Donetsk Airport shows: war reporters now need drones

Drone journalism logs

The battle of Donetsk Airport in the Ukrainian Conflict has turned into a blow-out of multimedia storytelling. A crucial auxiliary tool is the news drone. The war reporter today needs a drone is his kit.

Nine years ago, in 2006, ABC Australia correspondent Marc Corcoran looked up from the streets of Beirut and saw drones flying, as  usual. Drones were frequently used by the US military for surveillance and for bombing. But that day a thought occurred to him:

If combatants were able to deploy these ‘eyes in the sky’, could media adopt this technology for news gathering, both improving the coverage and lowering our exposure to risk in a chaotic, highly dangerous environment?1

At the time, drones were too expensive, too large and too complex for media organisations, according to Corcoran. But today, war reporters do use drones2

Donetsk Airport: a case study in drone reporting

In the Ukrainian Conflict news drones even became a crucial storytelling tool. Especially at Donetsk Airport, battleground since the start of the conflict3. On 19 January 2015 both the Russian-backed rebels and the Ukraine claimed control over the airport4. Just two days earlier, on 16 January, Army SOS, a fundraising collective for the Ukrainian army, posted drone footage of the devastated airport on Youtube5.

Vice6 and Mashable7 reposted it on the same day, after which the video went viral.

18 January BBC News recorded its own (less wobbly) drone footage of the zone8. BBC used the footage to supplement a feature article, explaining the conflict, the devastation and the symbolic and strategic importance of the airport9.


Then 19 January the Professional Society of Drone Journalists (PSDJ) used the drone footage of Army SOS to map the area and compared the images to publicly available satellite images, creating ‘dramatic photomaps that captured the landscape at a pivotal moment in history’, according to Matthew Schroyer of the PSDJ10. The images were then used to create a low-resolution 3D model of the airport. The models are already widely shared on the internet. According to the founder of the Drone Journalism Lab in Nebraska, Matthew Waite11, 3D models will eventually allow the audience to walk through an area where a news event had taken place, opening new possibilities for accurate reporting.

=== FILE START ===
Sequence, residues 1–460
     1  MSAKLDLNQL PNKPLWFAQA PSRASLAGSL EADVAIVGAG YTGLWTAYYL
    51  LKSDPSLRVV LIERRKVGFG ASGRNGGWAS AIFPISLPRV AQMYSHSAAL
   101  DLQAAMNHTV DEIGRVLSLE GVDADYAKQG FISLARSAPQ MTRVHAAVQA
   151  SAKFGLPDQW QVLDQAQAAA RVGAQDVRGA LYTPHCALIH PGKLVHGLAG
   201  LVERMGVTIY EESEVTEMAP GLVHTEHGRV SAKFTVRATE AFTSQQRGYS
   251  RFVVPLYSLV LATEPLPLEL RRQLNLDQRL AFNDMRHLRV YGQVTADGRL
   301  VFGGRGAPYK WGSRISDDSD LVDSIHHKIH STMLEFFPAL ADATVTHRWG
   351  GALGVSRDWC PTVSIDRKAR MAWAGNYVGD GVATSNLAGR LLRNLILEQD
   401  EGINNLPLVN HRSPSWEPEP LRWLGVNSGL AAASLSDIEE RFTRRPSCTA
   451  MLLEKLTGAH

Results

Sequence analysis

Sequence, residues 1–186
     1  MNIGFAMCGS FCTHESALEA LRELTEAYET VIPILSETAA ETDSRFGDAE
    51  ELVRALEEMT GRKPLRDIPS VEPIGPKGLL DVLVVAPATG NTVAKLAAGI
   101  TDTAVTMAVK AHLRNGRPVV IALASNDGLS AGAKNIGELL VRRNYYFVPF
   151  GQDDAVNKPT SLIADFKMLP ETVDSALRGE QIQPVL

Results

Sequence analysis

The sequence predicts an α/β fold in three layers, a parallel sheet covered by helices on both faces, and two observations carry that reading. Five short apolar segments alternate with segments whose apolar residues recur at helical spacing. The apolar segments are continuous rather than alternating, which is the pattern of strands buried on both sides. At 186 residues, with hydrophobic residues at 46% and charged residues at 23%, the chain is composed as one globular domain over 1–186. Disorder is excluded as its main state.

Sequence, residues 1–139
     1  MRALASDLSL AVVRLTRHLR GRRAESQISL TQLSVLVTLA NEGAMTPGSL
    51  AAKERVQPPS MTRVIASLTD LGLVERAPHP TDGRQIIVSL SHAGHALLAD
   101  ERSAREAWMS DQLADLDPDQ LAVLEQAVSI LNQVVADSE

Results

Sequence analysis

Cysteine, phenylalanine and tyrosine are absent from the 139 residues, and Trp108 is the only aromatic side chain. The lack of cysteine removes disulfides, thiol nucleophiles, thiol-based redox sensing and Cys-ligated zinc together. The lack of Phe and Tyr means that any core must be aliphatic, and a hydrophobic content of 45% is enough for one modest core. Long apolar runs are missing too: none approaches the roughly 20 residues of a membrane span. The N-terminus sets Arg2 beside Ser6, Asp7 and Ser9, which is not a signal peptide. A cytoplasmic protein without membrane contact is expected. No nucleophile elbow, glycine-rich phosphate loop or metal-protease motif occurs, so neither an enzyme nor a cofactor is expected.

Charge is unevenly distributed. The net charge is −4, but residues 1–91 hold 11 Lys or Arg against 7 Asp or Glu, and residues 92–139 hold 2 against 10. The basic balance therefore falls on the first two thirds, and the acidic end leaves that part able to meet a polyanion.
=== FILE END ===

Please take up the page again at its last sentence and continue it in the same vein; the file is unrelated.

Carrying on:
Reporting with rigour

Why didn’t the BBC use the same footage as everyone else?

The drone footage of Army SOS was very detailed. So why didn’t the BBC just use that? Simple. Credibility. Army SOS is an organisation supporting the Ukrainian army. Their video is accompanied by heroic music, suggesting it might even serve as propaganda, to raise money for the army. Both Vice and Mashable do mention this agenda, but only the BBC decides to send their own reporter.

Eyewitness accounts are essential for journalists to ensure credibility 12. And drone methods of data gathering do ‘potentially provide a better quality of news information through visual documentation.13. How much better becomes evident when comparing the BBC footages with a publication on the conflict by the New York Times on 16 January. The reporters describe the main terminal of Donetsk Airport as ‘a battered and booby-trapped wreck’. An accompanying picture shows smoke rising from the airport ruins in the distance14. The BBC reporters got closer to the frontline than The New York Times photographer, and they had the visual evidence of the devastation. But sending a war reporter with a drone to the frontline means taking a huge risk.

Drone journalism less risky?

If a BBC reporter recorded the footage on 18 January (They did not attribute their footage to the Army SOS, so it must be their own) the battle of the airport was in full swing. The first 34 seconds of the BBC ‘drone footage’ video is recorded with the drone. The last 20 seconds of the video is recorded with a handheld camera. There is no set noise of the drone propellers (as in the first part), and the dissimilarity in the camera’s depth of field suggests the use of a different camera. The complete 55 seconds video suggest that the BBC drone journalist was embedded with the Ukraine army during the fight: as in the second part several shots are fired.
In The Robot Eye Witness, Astrid Gynnild argues that drone journalism is ‘reducing human risk taking when covering catastrophic and conflicting events’15. Corcoran remarks that there are applications ‘where the lone drone could be extremely beneficial to the safety of news gatherers in the field’1. The drone can, for example, be used to scout the area, to see if its safe for a journalist to go somewhere. Or a drone can be operated at a great distance from a risky area – a few kilometres from Donetsk Airport. Yet the BBC reporter at peril – the soldiers are shooting. The drone seems not the be used to substitute risky war reporting operations, but to match the competition, to obtain their own drone report.

Drone war reporting: gamification of the news?

Alexandra Gibb forewarns in her dissertation Droning the story that the use of drones may ‘gamify’ the news:

Journalists seduced by the thrill of flight and audiences downloading footage on their computers may experience a psychological disconnect between entertainment and news. Both may gain a drone’s eye-view of battlefields and disaster zones, but they may lose the tactile details that humanise news coverage2.